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Rapid Rise of Israel’s Orthodox Schools Sparks Fear of Army, Work Force Shortage

Jerusalem – Two recently released government reports have reignited scrutiny of ultra-Orthodox participation in general Israeli society.

A study released last month by the Central Bureau of Statistics predicts that one-third of all Jewish elementary-school students in Israel will be enrolled in the ultra-Orthodox education system by 2012. A week after the education study was released, the Israeli military reported that the number of eligible 18-year-old men not enlisting in the army had sharply risen to one-quarter, nearly half of them ultra-Orthodox.

The findings have alarmed many secular Israelis, who warn that the government-subsidized education system for ultra-Orthodox, or Haredim, is creating a generation of students unequipped to enter the job market and unwilling to serve in the army.

“We are now educating an entire generation without imparting basic values and basic studies — and we are using public funds to do it,” said Michael Melchior, a Labor-Meimad lawmaker who heads the Knesset’s education committee. “This is about education, but it’s much deeper. This is about where we want to go as a society and what kind of Jewish state we want.”

The reports, both of which received wide media coverage, have generated a flood of hand-wringing. Military officials have warned of a looming manpower shortage, and earlier this week, Defense Minister Ehud Barak called on Israelis to return to the days when draft dodgers were publicly shunned as carrying “the mark of Cain.”

The ultra-Orthodox community, one of the poorest sectors of society, now constitutes roughly 10% of the Israeli population. With a majority of Haredi men choosing Torah study over full-time work, and even more claiming exemption from military service on religious grounds, resentment of the societal privileges granted to the ultra-Orthodox is considerable among the tax-paying and army-serving secular public.

Ultra-Orthodox leaders acknowledge the priority given to religious education, but insist that the community does not pursue its interest at the expense of the state.

“The Haredi world is indeed dedicated first and foremost to Torah study,” said Rabbi Avi Shafran, director of public affairs for Agudath Israel of America. “But that has not prevented individual Haredim, with the blessings of their leaders, from entering the work force or military. Nor has those individuals’ ‘compromised’ education prevented them from succeeding in those milieus. Should the messiah tarry that long, God forbid, and a need arise for larger numbers of Haredim to become part of the larger Israeli societal infrastructure, it is not hard to imagine that happening with the blessings — and ongoing guidance — of Haredi spiritual leaders.”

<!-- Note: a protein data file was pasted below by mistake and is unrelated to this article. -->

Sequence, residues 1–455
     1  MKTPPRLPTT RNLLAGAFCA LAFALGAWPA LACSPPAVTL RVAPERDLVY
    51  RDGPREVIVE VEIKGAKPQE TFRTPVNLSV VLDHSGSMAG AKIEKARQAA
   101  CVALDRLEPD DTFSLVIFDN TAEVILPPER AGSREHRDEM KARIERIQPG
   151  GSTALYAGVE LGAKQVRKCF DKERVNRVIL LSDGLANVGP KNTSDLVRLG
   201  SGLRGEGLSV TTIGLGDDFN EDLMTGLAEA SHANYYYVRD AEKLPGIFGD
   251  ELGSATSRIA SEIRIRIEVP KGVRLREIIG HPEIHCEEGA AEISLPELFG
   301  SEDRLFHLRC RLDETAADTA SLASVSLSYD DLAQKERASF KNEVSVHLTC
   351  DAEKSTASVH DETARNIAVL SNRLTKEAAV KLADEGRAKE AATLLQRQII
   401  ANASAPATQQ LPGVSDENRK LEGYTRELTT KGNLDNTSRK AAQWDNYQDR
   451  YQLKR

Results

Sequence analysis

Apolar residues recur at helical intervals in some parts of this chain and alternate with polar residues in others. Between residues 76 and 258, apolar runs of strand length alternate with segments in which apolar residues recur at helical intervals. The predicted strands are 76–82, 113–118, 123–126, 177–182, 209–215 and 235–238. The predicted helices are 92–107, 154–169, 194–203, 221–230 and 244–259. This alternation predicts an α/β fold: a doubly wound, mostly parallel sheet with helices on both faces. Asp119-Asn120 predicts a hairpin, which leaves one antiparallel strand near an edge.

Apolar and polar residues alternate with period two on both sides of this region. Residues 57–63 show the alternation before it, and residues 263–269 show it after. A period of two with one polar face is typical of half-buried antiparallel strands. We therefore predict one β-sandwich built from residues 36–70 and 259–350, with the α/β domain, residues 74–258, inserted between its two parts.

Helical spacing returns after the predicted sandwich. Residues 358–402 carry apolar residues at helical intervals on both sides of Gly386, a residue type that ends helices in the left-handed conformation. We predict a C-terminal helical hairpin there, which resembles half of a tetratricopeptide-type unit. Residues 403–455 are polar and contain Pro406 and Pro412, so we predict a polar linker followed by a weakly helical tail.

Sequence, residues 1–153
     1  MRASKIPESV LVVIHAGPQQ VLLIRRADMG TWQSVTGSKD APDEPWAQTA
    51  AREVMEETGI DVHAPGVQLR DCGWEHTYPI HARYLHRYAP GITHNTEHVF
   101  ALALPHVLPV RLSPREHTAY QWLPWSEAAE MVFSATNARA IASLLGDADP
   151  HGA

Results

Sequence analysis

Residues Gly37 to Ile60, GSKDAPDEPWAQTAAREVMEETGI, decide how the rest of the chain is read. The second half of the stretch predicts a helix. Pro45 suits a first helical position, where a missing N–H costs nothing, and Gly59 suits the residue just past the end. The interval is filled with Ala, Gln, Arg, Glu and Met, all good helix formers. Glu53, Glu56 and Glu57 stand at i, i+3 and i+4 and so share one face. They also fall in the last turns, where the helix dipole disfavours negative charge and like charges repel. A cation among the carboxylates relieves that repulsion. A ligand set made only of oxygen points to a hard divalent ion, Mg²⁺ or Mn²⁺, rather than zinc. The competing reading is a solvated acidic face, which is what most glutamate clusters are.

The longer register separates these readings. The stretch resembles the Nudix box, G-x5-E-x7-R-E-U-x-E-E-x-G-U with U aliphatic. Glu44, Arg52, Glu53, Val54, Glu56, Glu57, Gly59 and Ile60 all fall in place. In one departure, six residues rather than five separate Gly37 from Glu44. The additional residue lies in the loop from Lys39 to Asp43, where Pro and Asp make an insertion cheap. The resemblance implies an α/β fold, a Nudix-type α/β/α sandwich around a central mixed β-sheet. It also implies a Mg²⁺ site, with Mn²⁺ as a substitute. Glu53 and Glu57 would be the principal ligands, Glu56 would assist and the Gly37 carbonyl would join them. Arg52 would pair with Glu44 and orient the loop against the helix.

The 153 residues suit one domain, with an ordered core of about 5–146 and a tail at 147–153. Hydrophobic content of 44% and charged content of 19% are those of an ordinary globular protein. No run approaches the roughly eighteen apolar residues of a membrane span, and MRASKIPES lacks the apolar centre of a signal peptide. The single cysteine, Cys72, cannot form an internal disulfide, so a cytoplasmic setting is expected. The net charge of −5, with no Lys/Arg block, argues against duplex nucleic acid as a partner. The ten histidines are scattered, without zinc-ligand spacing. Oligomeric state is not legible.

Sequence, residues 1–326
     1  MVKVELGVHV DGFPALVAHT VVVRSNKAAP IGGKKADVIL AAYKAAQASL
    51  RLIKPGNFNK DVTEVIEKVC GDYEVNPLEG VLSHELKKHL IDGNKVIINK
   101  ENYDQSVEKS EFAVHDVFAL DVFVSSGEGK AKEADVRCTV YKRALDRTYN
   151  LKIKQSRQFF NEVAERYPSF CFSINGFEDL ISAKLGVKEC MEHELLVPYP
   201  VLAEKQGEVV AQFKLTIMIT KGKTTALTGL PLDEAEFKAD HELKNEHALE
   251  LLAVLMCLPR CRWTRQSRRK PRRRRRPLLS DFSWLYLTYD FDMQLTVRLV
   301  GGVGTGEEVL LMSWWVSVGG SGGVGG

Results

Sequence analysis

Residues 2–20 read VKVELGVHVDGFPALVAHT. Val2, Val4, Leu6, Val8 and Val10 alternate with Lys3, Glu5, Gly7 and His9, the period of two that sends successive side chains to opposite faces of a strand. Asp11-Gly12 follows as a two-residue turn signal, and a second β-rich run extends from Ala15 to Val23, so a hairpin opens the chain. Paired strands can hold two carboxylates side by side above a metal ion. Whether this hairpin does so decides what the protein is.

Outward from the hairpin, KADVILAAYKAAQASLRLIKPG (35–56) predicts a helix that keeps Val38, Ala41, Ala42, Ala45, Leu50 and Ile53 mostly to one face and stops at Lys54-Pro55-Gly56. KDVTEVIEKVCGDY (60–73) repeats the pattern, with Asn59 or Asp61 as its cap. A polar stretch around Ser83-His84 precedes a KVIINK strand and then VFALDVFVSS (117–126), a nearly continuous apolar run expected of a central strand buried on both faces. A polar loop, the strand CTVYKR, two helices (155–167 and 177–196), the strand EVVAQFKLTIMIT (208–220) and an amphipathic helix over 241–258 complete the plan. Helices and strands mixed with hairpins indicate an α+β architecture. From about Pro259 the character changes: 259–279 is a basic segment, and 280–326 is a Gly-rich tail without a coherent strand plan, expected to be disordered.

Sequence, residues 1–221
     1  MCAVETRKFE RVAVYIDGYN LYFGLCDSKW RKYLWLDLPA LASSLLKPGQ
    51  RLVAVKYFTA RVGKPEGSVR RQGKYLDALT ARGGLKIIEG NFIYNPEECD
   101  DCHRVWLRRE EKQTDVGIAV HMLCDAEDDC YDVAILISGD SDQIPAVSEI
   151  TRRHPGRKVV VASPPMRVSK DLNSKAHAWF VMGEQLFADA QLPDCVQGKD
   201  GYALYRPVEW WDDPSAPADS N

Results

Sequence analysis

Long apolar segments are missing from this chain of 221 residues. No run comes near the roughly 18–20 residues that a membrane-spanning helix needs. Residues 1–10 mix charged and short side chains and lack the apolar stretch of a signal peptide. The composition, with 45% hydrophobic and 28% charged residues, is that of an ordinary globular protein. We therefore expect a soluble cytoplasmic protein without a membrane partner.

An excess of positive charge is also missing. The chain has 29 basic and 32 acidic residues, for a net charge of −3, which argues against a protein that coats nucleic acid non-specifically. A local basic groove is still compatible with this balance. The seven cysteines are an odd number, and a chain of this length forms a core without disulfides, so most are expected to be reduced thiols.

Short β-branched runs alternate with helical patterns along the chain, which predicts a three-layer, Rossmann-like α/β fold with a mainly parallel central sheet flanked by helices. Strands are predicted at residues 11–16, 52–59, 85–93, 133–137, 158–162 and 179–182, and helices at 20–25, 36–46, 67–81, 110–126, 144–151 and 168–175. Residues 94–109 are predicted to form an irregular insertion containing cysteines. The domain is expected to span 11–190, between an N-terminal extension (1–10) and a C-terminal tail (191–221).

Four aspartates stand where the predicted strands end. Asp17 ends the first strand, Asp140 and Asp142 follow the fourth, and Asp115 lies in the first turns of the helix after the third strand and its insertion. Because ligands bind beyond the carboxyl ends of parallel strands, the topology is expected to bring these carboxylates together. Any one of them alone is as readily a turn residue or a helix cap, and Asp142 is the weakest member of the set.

According to the recently released elementary-school report, by 2012 only 50% of all Jewish elementary-school students will be enrolled in the public education system. Increasing numbers of students are leaving the state religious system, which offers both religious and secular training, in favor of quasi-private ultra-Orthodox schools, only a handful of which teach such subjects as science, computers, Israeli history, civics and English. This year, 23% of first graders were enrolled in Haredi schools.

In May, the Knesset passed legislation, known as the “Nahari Law” (after the Shas lawmaker who sponsored it), requiring municipal governments to contribute funding to private schools, many of which are ultra-Orthodox. Another bill, put forth by the United Torah Judaism party, would ensure state funding for schools that do not teach the public school core curriculum.

“Parents are looking for values, a quality education and a comfortable, violence-free environment for their children. That is something that Haredi schools offer and that public schools do not,” Meshulam Nahari, the Shas legislator, told the Forward. “The public system is falling apart and it has nothing to do with the Haredi schools. The public system simply isn’t providing what parents and children are looking for.”

In an effort to head off the legislation, the Reform movement’s legal arm in Israel, the Israel Religious Action Center, has filed a petition with the Supreme Court aimed at forcing the Central Bureau of Statistics to stop funding schools that do not teach the core curriculum.

“These Haredi children are not receiving a basic education that will enable them to get by in the modern world and to provide for themselves financially,” said Orly Erez-Likhovski, the attorney who filed the petition. “The state is essentially allowing one-third of its population to become a generation of ignoramuses, and the state cannot sustain itself that way.”

For lawmakers like Melchior, an equally large concern is the budgetary implications of a growing amount of government funds going from public schools to quasi-private ultra-Orthodox schools.

“This is about one sector taking a bigger part of the cake,” he said, “while the rest of the education system suffers.”


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